I need to do some accurate time measurements and I need to have access to a affordable / cheap and somewhat more reliable timestamp/time source than what is built in Windows/CPU.

I need to read the timestamp values from Windows.

Can anyone give some hints on what to use to get a better timestamp?

I guess some kind of PCI-Express based hardware timer card?

I don't need super-high accuracy, but a resolution around 100ns would be good.

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    \$\begingroup\$ You might want to review the explanations at stackoverflow.com/questions/9040967/… and stackoverflow.com/questions/9041259/… \$\endgroup\$ – Ben Voigt Feb 21 '12 at 20:15
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    \$\begingroup\$ "resolution around 100ns" is not a precise specification. Do you want something with <100ns/second drift? Something that ticks once per 100ns? The relevant parameters are frequency stability, frequency tolerance, and frequency drift. \$\endgroup\$ – Kevin Vermeer Feb 21 '12 at 20:50
  • \$\begingroup\$ Also, this site is about electronics design - We can help you configure a toolchain or figure out a schematic capture program, but our sister site, stackoverflow, is the place you should go to figure out how to access this from Windows. I'll add that it won't be easy; see the excellent questions that Ben has linked to for more information on this problem, and look into real-time operating systems which will be required to use any timestamp source. \$\endgroup\$ – Kevin Vermeer Feb 21 '12 at 20:52
  • \$\begingroup\$ I know this is a electronics site, but what I am looking for is an affordable hardware clock sources that can give me a fairly accurate timestamp. The built in "stopwatch" in Windows/CPU is tied to the CPU frequency, but the frequency of the CPU can vary due to throttling or turbo boost featues, meaning that it will be impossible to figure out the true current frequency of that counter. So what I am looking for is a hardware solution to give me a timestamp that has a fixed frequency that I can have as reference. That I easilly can plug into a computer. (PCI express?) \$\endgroup\$ – user316 Feb 21 '12 at 21:44
  • \$\begingroup\$ So basically I need a fixed 5-10MHz hardware 32-64 bit counter that I can poll from Windows, with a decent stability/toleance/drift. A quartz crystal would be sufficient. I also asume a PCI/PCI-Express implementation is the move accurate way to implement this as USB/firewire is a bit to undeterministic? \$\endgroup\$ – user316 Feb 21 '12 at 21:50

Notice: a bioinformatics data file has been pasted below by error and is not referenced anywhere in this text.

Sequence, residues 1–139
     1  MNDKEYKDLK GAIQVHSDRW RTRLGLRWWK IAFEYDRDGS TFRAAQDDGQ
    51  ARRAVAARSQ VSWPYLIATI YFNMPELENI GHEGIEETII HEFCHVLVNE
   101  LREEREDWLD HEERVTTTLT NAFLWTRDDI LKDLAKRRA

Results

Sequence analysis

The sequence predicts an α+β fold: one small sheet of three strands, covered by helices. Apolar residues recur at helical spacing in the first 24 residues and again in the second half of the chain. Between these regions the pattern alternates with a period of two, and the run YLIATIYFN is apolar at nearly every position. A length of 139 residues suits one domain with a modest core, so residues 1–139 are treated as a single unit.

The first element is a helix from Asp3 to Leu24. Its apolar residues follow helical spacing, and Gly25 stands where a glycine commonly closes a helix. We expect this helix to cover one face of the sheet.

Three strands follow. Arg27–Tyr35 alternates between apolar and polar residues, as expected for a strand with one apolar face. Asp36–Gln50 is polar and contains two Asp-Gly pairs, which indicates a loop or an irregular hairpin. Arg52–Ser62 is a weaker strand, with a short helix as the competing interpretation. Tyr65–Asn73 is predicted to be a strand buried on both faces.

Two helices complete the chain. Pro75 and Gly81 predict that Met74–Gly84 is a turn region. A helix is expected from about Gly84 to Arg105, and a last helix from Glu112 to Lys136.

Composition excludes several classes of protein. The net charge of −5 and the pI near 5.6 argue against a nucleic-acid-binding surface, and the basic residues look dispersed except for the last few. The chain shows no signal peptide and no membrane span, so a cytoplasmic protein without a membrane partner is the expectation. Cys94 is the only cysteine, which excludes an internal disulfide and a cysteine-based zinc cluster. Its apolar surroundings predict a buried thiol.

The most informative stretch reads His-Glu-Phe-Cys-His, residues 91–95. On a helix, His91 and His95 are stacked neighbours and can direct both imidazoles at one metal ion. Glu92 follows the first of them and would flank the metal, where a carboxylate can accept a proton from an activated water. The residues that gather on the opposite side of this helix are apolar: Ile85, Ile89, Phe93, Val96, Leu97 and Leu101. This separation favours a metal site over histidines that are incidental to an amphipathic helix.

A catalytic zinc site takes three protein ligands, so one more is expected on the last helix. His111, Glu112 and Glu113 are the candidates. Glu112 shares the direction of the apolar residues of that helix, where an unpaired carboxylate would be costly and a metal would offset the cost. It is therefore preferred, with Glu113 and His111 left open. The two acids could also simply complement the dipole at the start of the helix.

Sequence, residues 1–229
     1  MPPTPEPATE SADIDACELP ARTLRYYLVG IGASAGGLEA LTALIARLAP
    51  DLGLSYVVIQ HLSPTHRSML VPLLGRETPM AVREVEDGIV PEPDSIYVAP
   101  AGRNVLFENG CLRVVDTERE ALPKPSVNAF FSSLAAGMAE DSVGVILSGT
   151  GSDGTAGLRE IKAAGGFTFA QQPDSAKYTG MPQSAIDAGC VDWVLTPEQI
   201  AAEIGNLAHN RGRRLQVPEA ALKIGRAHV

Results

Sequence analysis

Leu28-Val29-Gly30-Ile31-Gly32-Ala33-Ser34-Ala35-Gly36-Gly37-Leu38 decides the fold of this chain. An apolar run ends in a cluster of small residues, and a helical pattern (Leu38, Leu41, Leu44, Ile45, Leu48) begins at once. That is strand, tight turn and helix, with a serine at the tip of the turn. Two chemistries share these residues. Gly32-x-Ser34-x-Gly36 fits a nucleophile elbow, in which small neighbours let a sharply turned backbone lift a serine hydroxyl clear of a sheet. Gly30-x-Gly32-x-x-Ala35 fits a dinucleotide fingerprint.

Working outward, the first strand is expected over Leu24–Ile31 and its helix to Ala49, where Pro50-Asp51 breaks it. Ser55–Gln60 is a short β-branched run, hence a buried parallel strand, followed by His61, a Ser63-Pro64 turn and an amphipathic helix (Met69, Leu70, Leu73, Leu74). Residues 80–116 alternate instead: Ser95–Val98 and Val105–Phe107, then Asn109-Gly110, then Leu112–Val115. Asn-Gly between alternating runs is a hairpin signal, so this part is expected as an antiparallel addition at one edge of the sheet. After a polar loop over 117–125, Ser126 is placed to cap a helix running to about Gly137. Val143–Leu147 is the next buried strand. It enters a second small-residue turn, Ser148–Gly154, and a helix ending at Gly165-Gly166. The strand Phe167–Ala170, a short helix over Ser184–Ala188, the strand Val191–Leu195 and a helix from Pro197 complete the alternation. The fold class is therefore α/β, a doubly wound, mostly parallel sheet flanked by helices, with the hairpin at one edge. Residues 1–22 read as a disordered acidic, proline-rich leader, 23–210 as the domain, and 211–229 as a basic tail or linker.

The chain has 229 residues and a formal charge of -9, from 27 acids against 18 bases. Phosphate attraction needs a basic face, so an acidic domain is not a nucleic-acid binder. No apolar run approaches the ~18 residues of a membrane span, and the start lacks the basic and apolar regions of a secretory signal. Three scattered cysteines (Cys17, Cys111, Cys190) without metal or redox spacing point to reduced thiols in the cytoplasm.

Does your target machine have a High Precision Event Timer (HPET)? This seems like it would work, the resolution is within your requirements and they're common on recent hardware. Is there any reason you can't use it?

If you're reading from Windows I'd be wary about the precision you'll get. Since Windows offers no guarantee when a thread executes the time between you reading from the HPET (or other timestamp source) and the time it returns is non-deterministic. Your time source will probably be offering more granularity than you can reliably obtain when the scheduler is in your way.

  • \$\begingroup\$ But by reading twice in rapid succession you can determine whether Windows switched your thread. I'd be more worried about the context switches in between the occurrence of the event you want to timestamp and a read of the HPET, than between the HPET access and the return from the timer API. \$\endgroup\$ – Ben Voigt Feb 22 '12 at 23:37
  • \$\begingroup\$ Why I am dubious about the HPET or QueryPerformanceCounter is that according to documentation it says: "On a multiprocessor computer, it should not matter which processor is called. However, you can get different results on different processors due to bugs in the basic input/output system (BIOS) or the hardware abstraction layer (HAL). ". So to verify the accuracy of various timer implementation it woul dbe useful to have a external known timer source, perhaps in the way of a PCI-express card? \$\endgroup\$ – user316 Feb 23 '12 at 14:16
  • \$\begingroup\$ Looking at the highly relevant StackOverflow question the responses reflect the same sentiment. The HAL and scheduler are still problems if you use a PCI-E source. The dubiousness about HAL is going to be there as long as you use Windows, and if you set the affinity of your timing thread to one CPU you can avoid BIOS bugs. I honestly think your best bet is to just do all you can to minimise the error you get out of the HPET. It'll be cheaper at the very least. \$\endgroup\$ – Mathew Hall Feb 24 '12 at 11:27

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